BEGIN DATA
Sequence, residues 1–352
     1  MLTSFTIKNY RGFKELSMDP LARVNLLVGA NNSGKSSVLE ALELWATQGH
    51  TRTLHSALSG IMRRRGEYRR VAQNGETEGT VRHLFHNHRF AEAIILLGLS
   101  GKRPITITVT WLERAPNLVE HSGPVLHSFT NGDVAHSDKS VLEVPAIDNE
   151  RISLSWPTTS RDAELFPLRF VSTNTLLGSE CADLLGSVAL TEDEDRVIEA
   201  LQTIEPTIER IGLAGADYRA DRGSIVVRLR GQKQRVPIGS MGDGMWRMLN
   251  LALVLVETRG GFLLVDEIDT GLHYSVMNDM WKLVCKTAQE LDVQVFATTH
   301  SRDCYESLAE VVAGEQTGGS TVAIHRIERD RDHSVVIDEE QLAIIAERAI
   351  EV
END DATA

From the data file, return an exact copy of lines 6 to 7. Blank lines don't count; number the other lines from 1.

   201  LQTIEPTIER IGLAGADYRA DRGSIVVRLR GQKQRVPIGS MGDGMWRMLN
   251  LALVLVETRG GFLLVDEIDT GLHYSVMNDM WKLVCKTAQE LDVQVFATTH